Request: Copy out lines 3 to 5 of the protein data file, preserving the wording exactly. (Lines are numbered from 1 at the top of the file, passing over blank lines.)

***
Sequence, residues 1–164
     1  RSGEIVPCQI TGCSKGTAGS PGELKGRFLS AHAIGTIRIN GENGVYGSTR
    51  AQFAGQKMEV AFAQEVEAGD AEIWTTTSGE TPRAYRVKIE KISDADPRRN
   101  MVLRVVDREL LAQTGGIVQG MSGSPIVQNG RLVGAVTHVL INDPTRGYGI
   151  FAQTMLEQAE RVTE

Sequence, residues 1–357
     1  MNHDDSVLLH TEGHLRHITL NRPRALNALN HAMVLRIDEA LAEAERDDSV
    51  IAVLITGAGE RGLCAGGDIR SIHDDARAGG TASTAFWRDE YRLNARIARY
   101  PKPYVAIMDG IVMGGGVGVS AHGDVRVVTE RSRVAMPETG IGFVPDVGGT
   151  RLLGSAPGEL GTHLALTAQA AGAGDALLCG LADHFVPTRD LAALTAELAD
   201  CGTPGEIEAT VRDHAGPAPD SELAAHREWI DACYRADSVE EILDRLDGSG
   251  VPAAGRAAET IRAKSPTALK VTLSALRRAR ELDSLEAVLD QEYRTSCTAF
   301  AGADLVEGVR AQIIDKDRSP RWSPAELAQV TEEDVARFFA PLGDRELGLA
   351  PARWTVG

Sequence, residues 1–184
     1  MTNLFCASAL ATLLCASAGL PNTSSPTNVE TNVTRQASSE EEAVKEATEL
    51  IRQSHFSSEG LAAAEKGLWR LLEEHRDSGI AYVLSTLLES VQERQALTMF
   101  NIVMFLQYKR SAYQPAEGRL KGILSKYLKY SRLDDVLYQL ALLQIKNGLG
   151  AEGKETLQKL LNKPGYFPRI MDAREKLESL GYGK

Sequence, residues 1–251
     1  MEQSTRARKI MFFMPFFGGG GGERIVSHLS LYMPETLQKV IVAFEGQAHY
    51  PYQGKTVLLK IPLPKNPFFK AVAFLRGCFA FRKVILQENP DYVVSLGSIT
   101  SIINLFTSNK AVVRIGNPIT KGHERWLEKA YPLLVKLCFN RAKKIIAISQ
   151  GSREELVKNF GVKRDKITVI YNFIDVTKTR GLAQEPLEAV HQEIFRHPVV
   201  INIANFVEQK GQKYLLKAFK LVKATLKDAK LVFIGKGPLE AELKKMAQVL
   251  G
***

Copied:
    51  AQFAGQKMEV AFAQEVEAGD AEIWTTTSGE TPRAYRVKIE KISDADPRRN
   101  MVLRVVDREL LAQTGGIVQG MSGSPIVQNG RLVGAVTHVL INDPTRGYGI
   151  FAQTMLEQAE RVTE